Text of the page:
Online Zoom Webinar
Artist Beatrice Glow will share her creative processes involving research within collections and site-specific histories, as well as co-labouring with community stakeholders, historians, and creative technologists.
In her current artistic research, she is tracing the impact of trade goods such as Chinese silk, gunpowder and porcelain, Bandanese nutmeg and Native American tobacco, that altogether weave a global narrative of shared cultural heritages and environmental realities.
Beatrice Glow will have a conversation with Kan Shuyi, Curator of Chinese Art at the Asian Civilisations Museum, Singapore; as well as Chua Beng Huat, Professor of Social Sciences (Urban Studies) at Yale-NUS College.
Beatrice Glow is an artist-researcher who leverages interactive multimedia installations and multisensory experiences to shift dominant narratives and highlight human interconnectivity. Ms Glow often co-labours with historians and community stakeholders to assemble surviving fragments and question colonialist histories. Her ongoing projects on the social histories of plants provide vignettes into the entangled historical realities of dispossession, enslavement, diasporas, trade and extractive economies.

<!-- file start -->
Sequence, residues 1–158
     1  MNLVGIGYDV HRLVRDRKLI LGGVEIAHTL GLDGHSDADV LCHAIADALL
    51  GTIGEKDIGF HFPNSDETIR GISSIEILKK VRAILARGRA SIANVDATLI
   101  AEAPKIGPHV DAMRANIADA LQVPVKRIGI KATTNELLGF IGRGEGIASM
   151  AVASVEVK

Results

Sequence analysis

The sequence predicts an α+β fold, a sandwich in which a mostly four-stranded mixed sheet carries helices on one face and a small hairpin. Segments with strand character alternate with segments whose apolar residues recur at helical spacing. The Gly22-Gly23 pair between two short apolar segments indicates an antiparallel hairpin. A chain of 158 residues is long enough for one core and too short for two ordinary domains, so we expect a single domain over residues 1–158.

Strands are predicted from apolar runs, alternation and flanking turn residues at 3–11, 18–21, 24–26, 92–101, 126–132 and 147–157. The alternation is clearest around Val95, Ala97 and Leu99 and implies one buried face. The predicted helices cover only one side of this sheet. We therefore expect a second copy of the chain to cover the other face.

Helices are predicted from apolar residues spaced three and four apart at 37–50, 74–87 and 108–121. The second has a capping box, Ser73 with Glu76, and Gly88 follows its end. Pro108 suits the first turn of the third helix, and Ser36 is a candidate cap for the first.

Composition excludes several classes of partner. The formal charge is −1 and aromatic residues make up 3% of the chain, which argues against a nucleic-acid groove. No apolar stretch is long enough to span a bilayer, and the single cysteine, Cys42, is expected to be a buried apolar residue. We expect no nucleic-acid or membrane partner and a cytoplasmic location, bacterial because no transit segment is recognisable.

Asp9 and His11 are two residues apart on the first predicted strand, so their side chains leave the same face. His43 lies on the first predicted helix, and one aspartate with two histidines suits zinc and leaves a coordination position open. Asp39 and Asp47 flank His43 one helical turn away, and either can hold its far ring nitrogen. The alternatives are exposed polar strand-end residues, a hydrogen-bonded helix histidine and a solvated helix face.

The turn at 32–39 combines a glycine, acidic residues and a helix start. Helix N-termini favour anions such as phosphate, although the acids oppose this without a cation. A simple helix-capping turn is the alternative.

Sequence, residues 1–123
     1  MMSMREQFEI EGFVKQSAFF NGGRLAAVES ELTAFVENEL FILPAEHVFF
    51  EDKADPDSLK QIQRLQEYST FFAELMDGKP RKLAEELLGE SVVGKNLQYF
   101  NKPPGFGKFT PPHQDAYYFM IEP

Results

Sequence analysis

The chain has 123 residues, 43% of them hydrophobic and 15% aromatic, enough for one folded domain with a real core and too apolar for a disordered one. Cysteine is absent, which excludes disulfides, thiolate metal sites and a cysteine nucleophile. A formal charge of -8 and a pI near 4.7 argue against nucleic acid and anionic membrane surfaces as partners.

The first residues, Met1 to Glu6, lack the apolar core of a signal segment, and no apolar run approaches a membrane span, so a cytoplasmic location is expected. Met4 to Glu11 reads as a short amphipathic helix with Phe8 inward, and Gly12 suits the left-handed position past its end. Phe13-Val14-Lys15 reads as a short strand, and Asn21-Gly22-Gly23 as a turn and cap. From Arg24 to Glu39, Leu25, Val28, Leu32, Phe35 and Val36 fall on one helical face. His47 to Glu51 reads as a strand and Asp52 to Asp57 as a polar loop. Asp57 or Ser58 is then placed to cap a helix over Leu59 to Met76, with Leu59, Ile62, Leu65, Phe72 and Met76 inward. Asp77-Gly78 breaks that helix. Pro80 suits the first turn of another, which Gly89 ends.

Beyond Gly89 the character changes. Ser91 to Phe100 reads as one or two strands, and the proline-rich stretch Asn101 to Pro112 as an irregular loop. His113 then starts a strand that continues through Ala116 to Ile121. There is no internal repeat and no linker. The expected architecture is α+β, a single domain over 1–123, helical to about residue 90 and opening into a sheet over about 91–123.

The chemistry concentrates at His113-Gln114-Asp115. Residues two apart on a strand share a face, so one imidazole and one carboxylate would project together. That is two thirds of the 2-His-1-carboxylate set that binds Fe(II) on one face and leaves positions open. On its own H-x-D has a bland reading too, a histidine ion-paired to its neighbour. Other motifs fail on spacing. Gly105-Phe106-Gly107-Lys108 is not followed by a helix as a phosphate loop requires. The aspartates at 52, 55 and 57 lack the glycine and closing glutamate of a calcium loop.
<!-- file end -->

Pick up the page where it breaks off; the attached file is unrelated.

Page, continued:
Kan Shuyi is the Curator of Chinese art at the Asian Civilisations Museum (ACM). She received her BA (Hons) in History from the National University of Singapore and her MA in History of Art and Archaeology of East Asia from SOAS, University of London. Since joining ACM in 2007, she has curated and co-curated several exhibitions at the museum, including The Kangxi Emperor (2009), Terracotta Warriors (2011), as well as Secrets of the Fallen Pagoda (2014).
Chua Beng Huat received his PhD from York University, Canada. He has previously served as Provost Chair Professor, Faculty of Arts and Social Science (2009-2017), Research Leader, Cultural Studies in Asia Research Cluster, Asia Research Institute (2000-2015); Convenor Cultural Studies Programmes (2008-2013) and Head, the Department of Sociology (2009-2015), National University of Singapore.
The Artist-in-Residence programme is supported by the Tan Chin Tuan Chinese Culture & Civilisation Programme.
Watch the full lecture here:
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